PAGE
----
Author Mark Fairlie
Nearly 400 air passengers were arrested for alcohol-fuelled incidents at airports or on board planes in 2016, a 50% jump year-on-year.
An investigation by the BBC’s Panorama program arrived at the figure after 18 out of the 20 country’s leading airports responded to a survey.
For a number of years, health professionals have advocated either banning the sale of alcohol at airports completely or refusing passengers access to a flight if they are too heavily under the influence of alcohol.
How has this situation come about?
Across the UK, pubs and other outlets selling alcohol have to abide by strict regulations on how, when, and to whom they can make sales.
The situation is different once you’ve gone past security checks at airports. These pubs and shops are not governed by UK licensing law. How they operate and when they open is determined by the policies of the airport they’re situated in. Airports normally allow bars to stay open to serve passengers on the earliest and latest flights.
By the time passengers are called to board their plane, many of them may be heavily intoxicated after they’ve been kept waiting for a few hours for their flight.
A change in the rules
A recent Virgin Atlantic service to Jamaica was diverted when a drunken passenger threatened the cabin crew and got into fights with flight attendants and passengers.
The plane performed an emergency landing in Bermuda. The incident occurred after the flight crew had refused to serve the man any more alcohol.
It was incidents like this which led to the aviation industry to adopt a new code of conduct on how to deal with drunken and disruptive passengers.
Part of the new code covered the sale and consumption of alcohol and included guidelines on:
• training staff on the responsible sale of alcohol,
• how to limit or stop the supply of alcohol to individual passengers,
• not selling to anyone they suspect of already being intoxicated,
• not encouraging excessive alcohol consumption,
• how retailers should advise passengers not to open and consume alcohol before or during their flight,
• having designated premises supervisors in bars and shops where alcohol is sold, and
• promoting responsible and considerate behaviour among passengers
However, debate continues to rage over whether this code has been effective or not.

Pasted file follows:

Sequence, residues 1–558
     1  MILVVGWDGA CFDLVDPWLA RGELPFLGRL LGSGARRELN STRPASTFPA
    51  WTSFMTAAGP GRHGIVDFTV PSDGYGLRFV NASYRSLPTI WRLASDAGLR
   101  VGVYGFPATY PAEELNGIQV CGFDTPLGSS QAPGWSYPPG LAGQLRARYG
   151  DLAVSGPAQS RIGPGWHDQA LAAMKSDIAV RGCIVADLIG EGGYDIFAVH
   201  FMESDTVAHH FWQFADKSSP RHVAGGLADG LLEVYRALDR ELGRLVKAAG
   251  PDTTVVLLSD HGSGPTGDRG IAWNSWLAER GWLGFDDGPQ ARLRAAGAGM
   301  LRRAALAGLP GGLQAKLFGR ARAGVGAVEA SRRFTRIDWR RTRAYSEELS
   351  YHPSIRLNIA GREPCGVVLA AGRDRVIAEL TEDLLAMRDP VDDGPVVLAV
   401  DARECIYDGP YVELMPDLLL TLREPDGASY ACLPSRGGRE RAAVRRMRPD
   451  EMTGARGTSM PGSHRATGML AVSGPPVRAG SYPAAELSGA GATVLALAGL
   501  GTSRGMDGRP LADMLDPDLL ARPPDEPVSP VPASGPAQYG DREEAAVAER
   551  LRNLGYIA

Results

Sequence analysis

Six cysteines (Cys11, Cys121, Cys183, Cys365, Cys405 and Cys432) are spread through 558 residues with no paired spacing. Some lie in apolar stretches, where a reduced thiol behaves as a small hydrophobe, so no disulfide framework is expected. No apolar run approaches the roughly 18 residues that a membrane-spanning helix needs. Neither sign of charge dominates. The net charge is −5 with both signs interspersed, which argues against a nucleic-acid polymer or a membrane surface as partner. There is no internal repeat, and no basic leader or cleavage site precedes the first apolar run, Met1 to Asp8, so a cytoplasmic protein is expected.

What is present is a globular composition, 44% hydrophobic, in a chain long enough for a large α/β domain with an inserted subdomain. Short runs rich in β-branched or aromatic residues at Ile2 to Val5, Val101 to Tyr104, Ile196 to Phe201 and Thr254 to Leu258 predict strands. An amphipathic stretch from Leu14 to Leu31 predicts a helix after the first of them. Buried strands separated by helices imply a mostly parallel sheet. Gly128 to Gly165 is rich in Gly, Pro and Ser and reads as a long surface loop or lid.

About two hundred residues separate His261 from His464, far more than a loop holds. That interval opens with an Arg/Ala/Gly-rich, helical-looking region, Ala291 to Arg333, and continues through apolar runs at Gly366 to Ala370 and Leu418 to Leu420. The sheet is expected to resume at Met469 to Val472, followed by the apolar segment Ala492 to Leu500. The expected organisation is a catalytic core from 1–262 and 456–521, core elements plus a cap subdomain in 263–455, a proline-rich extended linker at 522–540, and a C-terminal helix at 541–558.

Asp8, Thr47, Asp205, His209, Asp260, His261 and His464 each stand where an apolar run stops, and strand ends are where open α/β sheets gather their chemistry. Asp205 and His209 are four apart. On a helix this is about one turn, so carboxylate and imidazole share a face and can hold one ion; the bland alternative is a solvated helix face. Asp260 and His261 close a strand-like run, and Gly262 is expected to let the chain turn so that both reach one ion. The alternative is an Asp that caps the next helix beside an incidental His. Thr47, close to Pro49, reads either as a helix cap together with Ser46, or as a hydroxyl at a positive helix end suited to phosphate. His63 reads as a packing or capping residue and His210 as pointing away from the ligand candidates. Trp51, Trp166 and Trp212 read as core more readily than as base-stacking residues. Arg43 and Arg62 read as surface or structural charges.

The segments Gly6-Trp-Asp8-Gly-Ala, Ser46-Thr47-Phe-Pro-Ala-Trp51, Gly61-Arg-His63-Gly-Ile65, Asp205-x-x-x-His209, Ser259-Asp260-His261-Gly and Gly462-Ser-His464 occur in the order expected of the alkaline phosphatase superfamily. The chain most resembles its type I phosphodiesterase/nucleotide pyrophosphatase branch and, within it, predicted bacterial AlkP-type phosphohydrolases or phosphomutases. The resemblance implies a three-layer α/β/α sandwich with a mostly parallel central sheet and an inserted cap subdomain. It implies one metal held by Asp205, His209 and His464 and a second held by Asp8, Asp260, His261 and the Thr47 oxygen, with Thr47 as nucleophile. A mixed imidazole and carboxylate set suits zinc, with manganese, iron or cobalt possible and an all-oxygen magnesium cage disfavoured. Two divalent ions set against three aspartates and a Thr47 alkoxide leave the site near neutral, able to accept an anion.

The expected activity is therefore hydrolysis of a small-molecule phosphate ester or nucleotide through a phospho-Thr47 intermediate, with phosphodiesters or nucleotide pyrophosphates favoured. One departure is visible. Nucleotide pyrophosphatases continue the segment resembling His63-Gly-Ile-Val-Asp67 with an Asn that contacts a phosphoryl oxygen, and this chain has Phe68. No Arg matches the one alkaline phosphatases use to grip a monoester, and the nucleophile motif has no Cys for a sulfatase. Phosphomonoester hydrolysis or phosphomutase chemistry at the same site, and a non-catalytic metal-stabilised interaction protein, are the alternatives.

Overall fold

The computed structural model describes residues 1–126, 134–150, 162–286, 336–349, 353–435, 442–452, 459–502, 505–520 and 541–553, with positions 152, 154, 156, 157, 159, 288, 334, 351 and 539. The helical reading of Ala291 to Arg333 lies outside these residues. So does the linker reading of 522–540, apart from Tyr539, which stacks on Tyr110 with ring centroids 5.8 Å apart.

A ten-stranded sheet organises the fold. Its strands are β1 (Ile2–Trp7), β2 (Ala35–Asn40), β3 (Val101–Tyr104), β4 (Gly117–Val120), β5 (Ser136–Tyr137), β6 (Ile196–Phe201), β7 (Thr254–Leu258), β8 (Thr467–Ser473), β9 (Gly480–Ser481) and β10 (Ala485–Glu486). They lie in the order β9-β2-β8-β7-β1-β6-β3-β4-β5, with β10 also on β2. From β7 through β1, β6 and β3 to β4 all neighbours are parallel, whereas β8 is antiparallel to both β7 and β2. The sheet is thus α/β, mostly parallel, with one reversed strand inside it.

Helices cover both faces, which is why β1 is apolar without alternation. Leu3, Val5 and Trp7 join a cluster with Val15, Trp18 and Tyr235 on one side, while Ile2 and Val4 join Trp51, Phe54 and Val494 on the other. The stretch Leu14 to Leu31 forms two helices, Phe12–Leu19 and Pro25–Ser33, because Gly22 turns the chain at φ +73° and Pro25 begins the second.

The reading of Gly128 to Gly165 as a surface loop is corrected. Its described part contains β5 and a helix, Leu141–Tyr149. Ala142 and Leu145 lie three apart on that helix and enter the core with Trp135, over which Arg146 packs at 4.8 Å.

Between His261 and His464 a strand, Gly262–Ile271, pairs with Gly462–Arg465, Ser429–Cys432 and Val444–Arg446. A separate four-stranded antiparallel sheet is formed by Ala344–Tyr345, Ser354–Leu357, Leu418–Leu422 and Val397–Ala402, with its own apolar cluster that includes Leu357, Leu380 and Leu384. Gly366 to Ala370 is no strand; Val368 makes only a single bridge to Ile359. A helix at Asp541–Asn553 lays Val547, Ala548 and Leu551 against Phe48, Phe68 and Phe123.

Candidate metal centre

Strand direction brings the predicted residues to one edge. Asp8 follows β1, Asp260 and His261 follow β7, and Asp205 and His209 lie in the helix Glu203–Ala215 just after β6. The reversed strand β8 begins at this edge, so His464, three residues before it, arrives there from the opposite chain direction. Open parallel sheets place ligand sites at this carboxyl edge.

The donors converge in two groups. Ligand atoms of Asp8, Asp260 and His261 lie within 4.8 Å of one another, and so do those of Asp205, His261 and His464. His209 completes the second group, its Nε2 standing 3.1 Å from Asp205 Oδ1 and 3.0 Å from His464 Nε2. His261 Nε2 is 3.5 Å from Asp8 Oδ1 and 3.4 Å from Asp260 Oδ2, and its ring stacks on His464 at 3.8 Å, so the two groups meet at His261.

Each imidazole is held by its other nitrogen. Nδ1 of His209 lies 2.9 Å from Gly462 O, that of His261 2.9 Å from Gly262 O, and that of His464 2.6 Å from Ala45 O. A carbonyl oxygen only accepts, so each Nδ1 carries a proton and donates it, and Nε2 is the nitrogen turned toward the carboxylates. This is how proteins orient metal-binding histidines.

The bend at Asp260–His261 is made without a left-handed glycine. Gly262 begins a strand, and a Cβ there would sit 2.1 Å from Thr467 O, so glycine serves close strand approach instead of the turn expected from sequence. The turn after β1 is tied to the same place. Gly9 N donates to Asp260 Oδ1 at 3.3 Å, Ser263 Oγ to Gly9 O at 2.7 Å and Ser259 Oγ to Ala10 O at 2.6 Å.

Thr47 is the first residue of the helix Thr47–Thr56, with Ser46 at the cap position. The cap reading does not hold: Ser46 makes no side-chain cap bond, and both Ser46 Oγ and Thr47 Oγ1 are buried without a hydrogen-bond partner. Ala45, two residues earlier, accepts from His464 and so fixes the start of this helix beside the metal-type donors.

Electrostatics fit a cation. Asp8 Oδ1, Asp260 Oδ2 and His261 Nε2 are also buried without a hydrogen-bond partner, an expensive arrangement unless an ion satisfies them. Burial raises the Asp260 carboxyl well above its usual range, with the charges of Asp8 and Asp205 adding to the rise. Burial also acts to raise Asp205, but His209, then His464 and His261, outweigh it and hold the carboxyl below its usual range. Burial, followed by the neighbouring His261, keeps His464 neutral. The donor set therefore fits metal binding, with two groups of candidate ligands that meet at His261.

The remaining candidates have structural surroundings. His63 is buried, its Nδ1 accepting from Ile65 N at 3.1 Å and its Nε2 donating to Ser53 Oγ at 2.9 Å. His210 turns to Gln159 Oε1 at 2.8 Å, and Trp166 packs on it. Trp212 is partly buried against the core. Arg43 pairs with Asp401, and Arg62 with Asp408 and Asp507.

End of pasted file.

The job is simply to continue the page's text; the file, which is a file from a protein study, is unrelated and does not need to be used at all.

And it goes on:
According to a survey by the Unite union, more than three-quarters of the members had witnessed “alcohol fuelled air rage” since these rules took effect. Less than a quarter believed that the rules had helped to reduce the drunken behaviour.
Speaking to the BBC Panorama program, Ally Murphy, a former Virgin Airlines flight attendant, said that “people just see us as barmaids in the sky” before going on to describing inappropriate and unrequested touching of a sexual nature by some passengers.
Calling time on binge drinking?
Moves towards stricter regulation seem to be inevitable with calls from some airlines to get tough which appear to have the backing of the government.
The Home Affairs Committee has recently announced that they wish to see stricter guidelines regulating alcohol sales at airports, a move backed by the House of Lords.
Ryanair, one of Europe’s largest airlines, has made requests to airports that it serves to limit pre-flight sales. Speaking to City AM, Kenny Jacobs, the airline’s chief marketing officer said,
“It’s completely unfair that airports can profit from the unlimited sale of alcohol to passengers and leave the airlines to deal with the safety consequences…This is an issue which the airports must now address and we are calling for significant changes to prohibit the sale of alcohol at airports, particularly with early morning flights and when flights are delayed.”
However, speaking to the Guardian, Karen Dee, the CEO of the UK Airport Operators Association said,
“The sale of alcohol per se is not a problem. It’s the misuse of it and drinking to excess and then behaving badly.”